Why use bridging finance?

Purchasing Property at Auction

Property auctions can be a great way to quickly purchase below-open-market value property and expand your buy to let portfolio. As auction houses typically have a four to six-week completion deadline, securing a buy to let mortgage is unlikely to work, which makes bridging finance perfect for these types of cases. As bridging finance can be arranged and drawn down within three to four weeks, it’s a much more reliable way to secure property bought at auction.

As mentioned above, bridging is short-term finance, and lenders will always require an “exit” strategy at the point of application. When purchasing auction property, there are three standard ‘exit’ options:

  • Refinance the property onto a buy to let mortgage
  • Refurbish the property and sell it on
  • Refurbish the property and retain as a buy to let

If you intend to let the property out, you’ll need a Decision in Principle (DIP/AIP) for a buy to let mortgage when you apply for the bridging finance; this is something our expert brokers will be able to help you with.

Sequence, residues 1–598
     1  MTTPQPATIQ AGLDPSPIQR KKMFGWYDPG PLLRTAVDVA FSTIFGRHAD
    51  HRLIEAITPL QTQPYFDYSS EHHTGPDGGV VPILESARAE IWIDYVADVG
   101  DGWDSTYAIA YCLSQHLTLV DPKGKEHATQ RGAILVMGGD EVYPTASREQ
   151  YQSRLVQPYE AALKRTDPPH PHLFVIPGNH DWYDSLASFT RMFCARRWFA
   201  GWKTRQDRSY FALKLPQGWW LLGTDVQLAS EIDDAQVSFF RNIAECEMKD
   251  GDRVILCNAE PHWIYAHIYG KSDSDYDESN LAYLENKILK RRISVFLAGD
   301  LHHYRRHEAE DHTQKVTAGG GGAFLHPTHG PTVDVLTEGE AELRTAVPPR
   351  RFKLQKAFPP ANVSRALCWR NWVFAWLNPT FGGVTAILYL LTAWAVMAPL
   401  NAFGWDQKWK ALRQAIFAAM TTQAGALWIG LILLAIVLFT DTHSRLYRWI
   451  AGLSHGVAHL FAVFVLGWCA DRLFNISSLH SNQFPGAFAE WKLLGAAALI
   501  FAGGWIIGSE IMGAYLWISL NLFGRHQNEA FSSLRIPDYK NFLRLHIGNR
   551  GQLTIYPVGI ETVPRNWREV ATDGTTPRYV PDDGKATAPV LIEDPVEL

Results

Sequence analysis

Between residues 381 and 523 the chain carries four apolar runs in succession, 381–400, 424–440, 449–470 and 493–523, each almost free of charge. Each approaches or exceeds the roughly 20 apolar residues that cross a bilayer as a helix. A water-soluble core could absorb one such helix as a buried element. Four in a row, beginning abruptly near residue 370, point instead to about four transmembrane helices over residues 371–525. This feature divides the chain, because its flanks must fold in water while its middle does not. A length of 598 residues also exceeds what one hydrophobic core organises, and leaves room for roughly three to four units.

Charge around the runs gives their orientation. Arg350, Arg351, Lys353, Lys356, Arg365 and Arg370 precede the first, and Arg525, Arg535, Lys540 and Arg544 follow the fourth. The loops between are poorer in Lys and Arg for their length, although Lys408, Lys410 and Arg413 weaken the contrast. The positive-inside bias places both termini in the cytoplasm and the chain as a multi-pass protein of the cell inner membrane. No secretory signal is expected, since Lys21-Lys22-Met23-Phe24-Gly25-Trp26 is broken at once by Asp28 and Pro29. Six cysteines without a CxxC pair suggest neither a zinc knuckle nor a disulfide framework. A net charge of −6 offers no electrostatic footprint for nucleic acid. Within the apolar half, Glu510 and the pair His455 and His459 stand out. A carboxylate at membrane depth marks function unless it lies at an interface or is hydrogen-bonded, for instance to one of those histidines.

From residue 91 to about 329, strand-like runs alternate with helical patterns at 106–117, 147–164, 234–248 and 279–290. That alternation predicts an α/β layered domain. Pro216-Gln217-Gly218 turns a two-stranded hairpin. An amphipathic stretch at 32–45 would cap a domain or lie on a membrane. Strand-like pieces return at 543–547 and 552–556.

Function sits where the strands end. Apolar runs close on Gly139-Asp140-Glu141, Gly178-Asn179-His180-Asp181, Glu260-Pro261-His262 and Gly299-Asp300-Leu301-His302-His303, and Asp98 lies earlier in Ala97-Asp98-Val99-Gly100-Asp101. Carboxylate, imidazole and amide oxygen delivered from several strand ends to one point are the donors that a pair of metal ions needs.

Refurbishing Buy to Let Property

Bridging finance for refurbishment falls into two categories: light and heavy. Light refurbishment generally covers anything that isn’t a structural change and doesn’t require planning permission, such as updating general wear-and-tear, replacing kitchens and bathrooms, or installing measures to increase EPC ratings. Making improvements to your buy to let properties not only opens up the potential to charge higher monthly rents, but it can also increase the value of the property!

If a property isn’t in a lettable condition (which can be common when purchasing at auction), you can use bridging finance to secure the purchase and complete the required improvements, before refinancing onto a buy to let mortgage. In these circumstances, rather than using your savings or a director’s loan, it may be possible to source bridging finance to cover the refurbishment period and refinance the property at the end to repay the funds. You can read more about how our client used a bridging loan for property refurbishment here.

For the more experienced landlord or developer, you might want to extend a residential property, convert an old commercial property into residential dwellings, or turn an existing residential property into an HMO. These would all be considered heavy refurbishment. For more information about requirements for these types of projects, speak to our expert commercial team to discuss your options.

 *Rates correct at time of publication, July 2023


Looking for short-term property finance?

If you’re considering bridging finance for your buy to let portfolio, please get in touch. Our expert brokers will be able to discuss your requirements and advise you on the best plan of action for your property investment journey. To get started, call us on 0345 345 6788 or submit an enquiry here.